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BYU women's basketball punches NCAA ticket with 3rd WCC tourney title, 82-68 over Gonzaga

(Scott G Winterton, KSL)

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LAS VEGAS — BYU women's basketball had quite the mountain to climb coming into the 2018-19 season.

Losing their leading scorer from a year ago and with top post player Sara Hamson coming off a knee injury that kept her out of the Cougars' historic women's volleyball season, the Cougars were reliant on a talented-but-unproven guard line of Brenna Chase, Shaylee Gonzales and Paisley Johnson.

But BYU embraced the challenge, even evident in the team's official motto: "Give me this mountain."

On Tuesday, the Cougars saw the view from the top of that mountain.

Brenna Chase poured in 25 points, and Shaylee Gonzales added 20 points, six rebounds and four assists to lift BYU women’s basketball to an 82-68 win over No. 12 Gonzaga, clinching an automatic bid to the NCAA women’s basketball tournament Tuesday at Orleans Arena.

Paisley Johnson added 19 points, five rebounds and three assists for the Cougars (25-6), who swept three meetings with the Zags — the only team in the country to do so.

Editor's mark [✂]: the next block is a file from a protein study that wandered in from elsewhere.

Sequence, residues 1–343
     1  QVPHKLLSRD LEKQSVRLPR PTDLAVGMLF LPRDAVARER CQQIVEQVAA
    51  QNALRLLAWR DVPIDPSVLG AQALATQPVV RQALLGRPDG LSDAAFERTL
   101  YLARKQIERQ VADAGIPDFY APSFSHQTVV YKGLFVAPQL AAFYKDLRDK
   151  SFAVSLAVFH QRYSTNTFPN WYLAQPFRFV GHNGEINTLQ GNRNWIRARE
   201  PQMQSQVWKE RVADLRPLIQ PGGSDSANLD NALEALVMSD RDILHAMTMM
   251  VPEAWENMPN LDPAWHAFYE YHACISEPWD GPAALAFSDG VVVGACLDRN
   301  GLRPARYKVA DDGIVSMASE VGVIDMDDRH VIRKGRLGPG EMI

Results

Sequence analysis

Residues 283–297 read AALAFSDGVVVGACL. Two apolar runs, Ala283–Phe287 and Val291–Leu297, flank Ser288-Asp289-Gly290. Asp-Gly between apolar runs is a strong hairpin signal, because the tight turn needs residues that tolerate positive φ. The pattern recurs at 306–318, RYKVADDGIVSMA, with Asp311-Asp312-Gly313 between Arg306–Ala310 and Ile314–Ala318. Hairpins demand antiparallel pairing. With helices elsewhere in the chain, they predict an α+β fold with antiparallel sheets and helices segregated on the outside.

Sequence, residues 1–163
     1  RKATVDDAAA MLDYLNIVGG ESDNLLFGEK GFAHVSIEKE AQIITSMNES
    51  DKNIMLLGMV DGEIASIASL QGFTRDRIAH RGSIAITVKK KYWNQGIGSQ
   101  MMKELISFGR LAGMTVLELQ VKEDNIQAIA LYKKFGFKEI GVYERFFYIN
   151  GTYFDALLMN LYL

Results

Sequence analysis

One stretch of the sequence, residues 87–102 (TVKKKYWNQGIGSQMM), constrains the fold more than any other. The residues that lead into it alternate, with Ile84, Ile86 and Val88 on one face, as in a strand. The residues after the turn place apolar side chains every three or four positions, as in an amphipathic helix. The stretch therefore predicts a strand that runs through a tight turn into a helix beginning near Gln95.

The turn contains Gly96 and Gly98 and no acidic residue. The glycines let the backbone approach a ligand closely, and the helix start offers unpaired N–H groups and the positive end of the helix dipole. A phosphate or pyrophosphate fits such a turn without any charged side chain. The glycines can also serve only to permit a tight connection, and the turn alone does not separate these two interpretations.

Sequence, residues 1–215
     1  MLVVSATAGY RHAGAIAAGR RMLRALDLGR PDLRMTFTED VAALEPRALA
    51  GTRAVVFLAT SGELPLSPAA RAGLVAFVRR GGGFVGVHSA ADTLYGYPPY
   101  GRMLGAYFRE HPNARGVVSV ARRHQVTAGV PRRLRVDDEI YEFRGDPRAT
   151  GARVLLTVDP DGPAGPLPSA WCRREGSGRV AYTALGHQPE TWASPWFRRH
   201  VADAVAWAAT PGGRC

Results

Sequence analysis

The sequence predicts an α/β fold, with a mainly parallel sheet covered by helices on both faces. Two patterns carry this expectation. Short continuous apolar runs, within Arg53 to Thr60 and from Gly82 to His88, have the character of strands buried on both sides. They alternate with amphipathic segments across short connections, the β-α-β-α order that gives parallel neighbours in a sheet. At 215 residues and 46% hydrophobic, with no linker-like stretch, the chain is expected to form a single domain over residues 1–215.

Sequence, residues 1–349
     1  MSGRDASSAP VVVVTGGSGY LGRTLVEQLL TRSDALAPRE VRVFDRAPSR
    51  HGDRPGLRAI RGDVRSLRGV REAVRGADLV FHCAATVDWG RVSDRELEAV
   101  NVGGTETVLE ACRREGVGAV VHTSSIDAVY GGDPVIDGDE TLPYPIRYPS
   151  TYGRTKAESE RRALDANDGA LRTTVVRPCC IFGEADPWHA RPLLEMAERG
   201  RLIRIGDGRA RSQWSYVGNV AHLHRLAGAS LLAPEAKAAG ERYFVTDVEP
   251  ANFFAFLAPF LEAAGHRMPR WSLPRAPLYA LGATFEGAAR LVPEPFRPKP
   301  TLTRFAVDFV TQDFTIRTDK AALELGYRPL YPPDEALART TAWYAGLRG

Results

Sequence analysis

The last one came before a decidedly pro-Gonzaga crowd of 5,892 in the arena dubbed “Spokane South” by many in the conference.

“As much as they were cheering for Gonzaga, all I heard was great cheering,” said Johnson, who was named the tournament’s Most Outstanding Player. “I love that energy and I fed off it, my team fed off it. Those Gonzaga fans were awesome; obviously, they weren’t cheering for us, but I felt like they were there for us — and we had a huge crowd there for ourselves, too. That was kind of cool. It was anything I could’ve asked for.”

Zykera Rice had 25 points, including a 12-of-12 effort from the free-throw line, to lead Gonzaga (28-4), and Chandler Smith supplied 13 points for the Zags.

But the Zags couldn’t contain BYU’s outside shooting threat. The Cougars made 13 3-pointers, including seven from Chase and three from Johnson, to pull away.